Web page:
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At the beginning, CLI is better known as the only way to interact with a computer. It has been existed even before there are graphical interfaces and flashy user desktops. Through CLI, you can accept text commands and interpret them into functions on the operating system. However, the CLI has become a vital element to cloud computing management, due to its developer appeal and scripting capabilities, but more and more API-related companies are beginning to offer a CLI on the side of their API as well.

In this article, we’ll show you how CLI can work alongside with API to maximize their platform usage.  In fact, some API-related companies realize that offering a CLI could improve their third-party web developer experience.

Best Practices for Offering a CLI
As we face the growing trend of CLI support across the industry, so what are the best practices  for maintaining one?

Juniper vs. Cisco: To know which CLI style families work best for you, you can compare the two main CLI style families. Some developers are fond of Juniper style for its consistency, structure, and well-defined elements.

Design it to be transactional: Working in CLI will require you to be able to prepare your configuration, validate it, compare it with what you have, and then in the end, commit it in one single step.

Clearly separate operational and configuration data: Things which are considered as operational data are statistics and uptime. The differentiation should be obvious in the design. Ideally, your configuration should never depend on operational state:

“An example is an interface that can only be configured if it’s connected to the Internet. This means that the configuration may have been valid when the admin set it the first time, but when internet connection goes down, what will  you do then? The configuration is suddenly invalid. This is a bad property of a system. It makes it very hard to pre-provision a system, since you cannot tell beforehand if the configuration is valid or not.”

Let the model drive the CLI for ultimate consistency. For Amazon, in order to reach a consistent command line experience across thousands of commands, they did the following steps:

“We decided to auto-generate commands and options from the underlying models that describe AWS APIs. This strategy has enabled us to deliver timely support for new AWS services and API updates with a consistent style of commands.”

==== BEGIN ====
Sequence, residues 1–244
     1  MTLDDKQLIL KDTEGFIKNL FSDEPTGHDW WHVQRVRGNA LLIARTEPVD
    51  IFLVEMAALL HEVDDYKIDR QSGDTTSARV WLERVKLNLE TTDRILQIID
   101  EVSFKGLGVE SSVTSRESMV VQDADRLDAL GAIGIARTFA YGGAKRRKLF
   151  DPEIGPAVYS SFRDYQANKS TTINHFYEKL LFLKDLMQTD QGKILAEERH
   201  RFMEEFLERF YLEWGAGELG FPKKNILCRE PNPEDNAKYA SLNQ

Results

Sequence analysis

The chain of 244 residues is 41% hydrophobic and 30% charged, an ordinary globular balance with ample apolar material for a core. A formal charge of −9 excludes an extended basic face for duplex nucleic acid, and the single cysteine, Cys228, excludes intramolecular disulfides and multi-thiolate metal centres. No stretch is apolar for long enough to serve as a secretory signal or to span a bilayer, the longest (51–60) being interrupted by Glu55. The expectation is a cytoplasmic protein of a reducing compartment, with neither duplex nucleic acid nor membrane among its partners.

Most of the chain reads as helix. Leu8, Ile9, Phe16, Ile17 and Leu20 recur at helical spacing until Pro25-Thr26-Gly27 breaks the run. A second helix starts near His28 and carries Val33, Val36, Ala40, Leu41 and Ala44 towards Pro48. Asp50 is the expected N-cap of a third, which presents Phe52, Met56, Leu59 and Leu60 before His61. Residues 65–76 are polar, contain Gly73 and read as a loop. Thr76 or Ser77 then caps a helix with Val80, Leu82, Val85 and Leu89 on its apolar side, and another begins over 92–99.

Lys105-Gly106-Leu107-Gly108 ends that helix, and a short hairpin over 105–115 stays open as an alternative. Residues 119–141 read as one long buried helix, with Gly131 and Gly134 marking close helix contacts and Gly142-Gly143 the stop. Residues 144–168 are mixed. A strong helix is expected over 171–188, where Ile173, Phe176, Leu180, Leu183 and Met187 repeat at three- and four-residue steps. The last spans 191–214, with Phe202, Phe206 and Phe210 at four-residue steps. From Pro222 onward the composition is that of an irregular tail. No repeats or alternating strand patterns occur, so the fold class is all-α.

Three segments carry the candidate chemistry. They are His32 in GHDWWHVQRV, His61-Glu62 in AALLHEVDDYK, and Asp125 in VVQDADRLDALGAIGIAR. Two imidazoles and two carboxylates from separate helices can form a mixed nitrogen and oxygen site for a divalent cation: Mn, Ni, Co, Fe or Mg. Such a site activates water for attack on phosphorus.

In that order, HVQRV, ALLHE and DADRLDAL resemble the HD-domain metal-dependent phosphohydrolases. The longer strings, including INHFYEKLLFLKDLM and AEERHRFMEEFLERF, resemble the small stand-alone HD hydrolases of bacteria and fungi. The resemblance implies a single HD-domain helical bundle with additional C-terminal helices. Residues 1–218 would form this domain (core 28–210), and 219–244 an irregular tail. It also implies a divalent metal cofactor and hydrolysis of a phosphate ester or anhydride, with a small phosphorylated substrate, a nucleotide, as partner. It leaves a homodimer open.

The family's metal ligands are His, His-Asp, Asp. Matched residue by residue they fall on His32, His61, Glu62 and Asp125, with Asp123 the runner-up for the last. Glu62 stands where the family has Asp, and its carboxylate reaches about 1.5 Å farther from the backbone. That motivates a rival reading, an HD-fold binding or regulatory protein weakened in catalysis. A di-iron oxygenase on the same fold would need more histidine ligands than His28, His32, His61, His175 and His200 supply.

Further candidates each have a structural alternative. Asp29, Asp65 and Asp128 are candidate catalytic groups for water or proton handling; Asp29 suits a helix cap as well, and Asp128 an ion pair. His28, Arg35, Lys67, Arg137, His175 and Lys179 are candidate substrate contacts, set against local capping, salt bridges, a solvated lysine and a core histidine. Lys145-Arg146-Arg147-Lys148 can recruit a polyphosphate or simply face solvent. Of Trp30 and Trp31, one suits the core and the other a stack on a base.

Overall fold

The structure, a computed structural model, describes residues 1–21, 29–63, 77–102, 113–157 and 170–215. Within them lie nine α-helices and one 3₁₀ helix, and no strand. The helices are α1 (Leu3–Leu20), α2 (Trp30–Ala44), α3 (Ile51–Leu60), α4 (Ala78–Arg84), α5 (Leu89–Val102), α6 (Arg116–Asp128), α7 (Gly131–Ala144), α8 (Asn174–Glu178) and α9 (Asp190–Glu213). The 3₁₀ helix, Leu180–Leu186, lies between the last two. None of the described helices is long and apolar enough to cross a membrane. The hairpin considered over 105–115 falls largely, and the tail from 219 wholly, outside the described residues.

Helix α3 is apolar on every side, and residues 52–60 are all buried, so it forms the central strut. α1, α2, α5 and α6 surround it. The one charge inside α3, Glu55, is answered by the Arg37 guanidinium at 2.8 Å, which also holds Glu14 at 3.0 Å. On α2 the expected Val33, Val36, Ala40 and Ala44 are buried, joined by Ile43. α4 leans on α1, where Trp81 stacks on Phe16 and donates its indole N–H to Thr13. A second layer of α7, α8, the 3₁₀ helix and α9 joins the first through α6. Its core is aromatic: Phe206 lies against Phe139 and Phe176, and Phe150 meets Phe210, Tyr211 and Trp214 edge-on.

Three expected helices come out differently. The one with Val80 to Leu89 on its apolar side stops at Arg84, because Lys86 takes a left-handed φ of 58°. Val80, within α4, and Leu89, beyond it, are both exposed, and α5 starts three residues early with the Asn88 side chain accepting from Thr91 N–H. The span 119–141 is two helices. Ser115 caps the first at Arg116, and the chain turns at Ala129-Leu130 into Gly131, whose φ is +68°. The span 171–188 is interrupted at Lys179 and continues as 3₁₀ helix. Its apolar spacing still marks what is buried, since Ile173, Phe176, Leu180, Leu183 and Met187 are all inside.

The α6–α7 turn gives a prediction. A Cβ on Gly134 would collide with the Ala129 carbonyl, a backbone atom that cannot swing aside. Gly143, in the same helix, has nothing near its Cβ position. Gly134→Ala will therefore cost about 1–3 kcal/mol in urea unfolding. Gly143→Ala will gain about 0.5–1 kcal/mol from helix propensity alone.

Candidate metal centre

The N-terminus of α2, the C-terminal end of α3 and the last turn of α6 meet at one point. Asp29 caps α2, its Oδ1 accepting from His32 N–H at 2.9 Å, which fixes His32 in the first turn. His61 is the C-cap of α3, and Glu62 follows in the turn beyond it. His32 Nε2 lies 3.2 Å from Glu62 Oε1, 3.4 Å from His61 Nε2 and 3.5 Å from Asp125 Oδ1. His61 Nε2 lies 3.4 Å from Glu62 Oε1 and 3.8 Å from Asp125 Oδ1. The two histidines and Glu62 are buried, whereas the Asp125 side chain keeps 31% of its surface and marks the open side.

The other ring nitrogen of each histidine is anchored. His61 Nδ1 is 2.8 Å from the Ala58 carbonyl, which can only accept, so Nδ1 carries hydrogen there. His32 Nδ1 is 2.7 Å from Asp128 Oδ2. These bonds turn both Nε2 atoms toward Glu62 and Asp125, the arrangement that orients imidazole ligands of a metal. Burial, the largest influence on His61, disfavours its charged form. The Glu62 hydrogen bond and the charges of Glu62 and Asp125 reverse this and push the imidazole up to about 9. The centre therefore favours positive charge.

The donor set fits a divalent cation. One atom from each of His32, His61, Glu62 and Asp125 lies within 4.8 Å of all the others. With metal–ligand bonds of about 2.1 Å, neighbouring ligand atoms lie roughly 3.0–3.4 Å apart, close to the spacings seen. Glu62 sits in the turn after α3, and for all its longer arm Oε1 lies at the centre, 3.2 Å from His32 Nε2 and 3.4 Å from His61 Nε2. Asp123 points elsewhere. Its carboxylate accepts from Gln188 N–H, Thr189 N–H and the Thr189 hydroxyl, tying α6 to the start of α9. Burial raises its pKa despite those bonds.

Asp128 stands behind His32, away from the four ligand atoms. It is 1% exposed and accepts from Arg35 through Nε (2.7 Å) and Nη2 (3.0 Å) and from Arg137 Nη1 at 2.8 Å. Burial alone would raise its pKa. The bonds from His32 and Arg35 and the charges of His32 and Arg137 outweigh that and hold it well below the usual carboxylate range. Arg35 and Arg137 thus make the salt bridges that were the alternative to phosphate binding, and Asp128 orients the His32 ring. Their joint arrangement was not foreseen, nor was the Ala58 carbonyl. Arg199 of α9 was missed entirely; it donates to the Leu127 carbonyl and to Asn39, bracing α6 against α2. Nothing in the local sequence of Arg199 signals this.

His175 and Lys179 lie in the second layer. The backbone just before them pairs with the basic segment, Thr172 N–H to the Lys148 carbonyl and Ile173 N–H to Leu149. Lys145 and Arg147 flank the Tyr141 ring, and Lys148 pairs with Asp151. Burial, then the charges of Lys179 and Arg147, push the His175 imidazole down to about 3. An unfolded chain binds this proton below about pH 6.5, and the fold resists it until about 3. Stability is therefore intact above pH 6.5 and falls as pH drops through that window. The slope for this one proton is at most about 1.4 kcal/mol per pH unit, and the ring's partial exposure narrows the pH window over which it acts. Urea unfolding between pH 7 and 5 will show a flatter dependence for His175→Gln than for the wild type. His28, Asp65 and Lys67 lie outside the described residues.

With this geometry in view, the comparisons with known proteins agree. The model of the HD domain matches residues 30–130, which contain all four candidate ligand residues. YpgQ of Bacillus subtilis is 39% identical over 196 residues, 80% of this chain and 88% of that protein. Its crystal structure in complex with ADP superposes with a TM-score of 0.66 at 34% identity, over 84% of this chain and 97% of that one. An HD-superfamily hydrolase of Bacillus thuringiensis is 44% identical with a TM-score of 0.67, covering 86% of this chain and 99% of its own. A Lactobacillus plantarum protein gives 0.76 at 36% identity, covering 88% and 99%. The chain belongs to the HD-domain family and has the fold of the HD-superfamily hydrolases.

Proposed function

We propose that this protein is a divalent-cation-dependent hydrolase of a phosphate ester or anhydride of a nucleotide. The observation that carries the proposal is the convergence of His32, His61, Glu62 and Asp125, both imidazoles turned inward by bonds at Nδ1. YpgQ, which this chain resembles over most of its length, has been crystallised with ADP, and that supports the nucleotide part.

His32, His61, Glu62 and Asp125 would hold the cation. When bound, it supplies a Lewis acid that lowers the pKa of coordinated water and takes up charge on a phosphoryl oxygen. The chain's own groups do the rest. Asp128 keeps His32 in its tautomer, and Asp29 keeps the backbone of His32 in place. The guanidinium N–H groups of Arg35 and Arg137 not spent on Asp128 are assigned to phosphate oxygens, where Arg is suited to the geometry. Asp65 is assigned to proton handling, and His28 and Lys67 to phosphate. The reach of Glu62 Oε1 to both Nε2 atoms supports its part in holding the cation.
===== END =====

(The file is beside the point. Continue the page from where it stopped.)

Shoot for CLI-API-GUI parity: If you follow a model-driven paradigm, every single CLI command should be accessible as an API call, and vice versa. As API evangelists’ notes, the AWS API and CLI are pretty much in sync in terms of functionalities:

“Making sure there is parity and consistency between what is available via a UI, and the API and CLI is important.”

When updating, it is important to be careful about evolvability. Moreover, command documentation, API docs, and functionality must remain in sync.

Adam Duvander of Zapier lists some great CLI best practices in his article here, some of which are summarized below.

  • Provide a help screen: Usability and discovery are very important for CLIs. Make accessing a Getting Started guide easy with simple flags like –h or ?
  • Offer tab completion.
  • S Replicate patterns from Linux commands that work, and take advantage of succinct commands.
  • Offer customization options.
  • Make security a high priority.
  • If desktop-based, support different Oss and developer environments so that no teammate is left in the lurch.

Nowadays, more API providers are supporting a CLI alongside their API. This arises so many curiosities, if you are one among so many people who are curious why many people provide a CLI alongside an API offering:

The main reason why developers love to work with CLI is that it keeps developers where they work. Moreover, with CLI, you can ensure whether it is making a human readable interface to better appeal to developer tastes, automating tedious UI actions, or offering new scripting capabilities to accelerate your continuous delivery.

Conclusion: Is CLI-first the new API-First?
Choosing a CLI is a good choice, especially for improving developer experience. This is because CLI can be used in an interactive mode to debug, troubleshot, or explore in real time, or used in a high-level, abstracted way with shell scripts to unite local and CLI actions.

You can apply CLIs in cloud computing, but also found emerging CLI support among other sectors, such as API gateway layers like Mashape’a Kong, identity specialists like, documentation generators like Apiary, CMSs like WordPress , and micro-app integrators like Zapier are all spearheading CLIs to offer nuanced controls. Moreover, CLI-first won’t likely replace the “API-first” mantra; since a quality designed CLI is based on an API.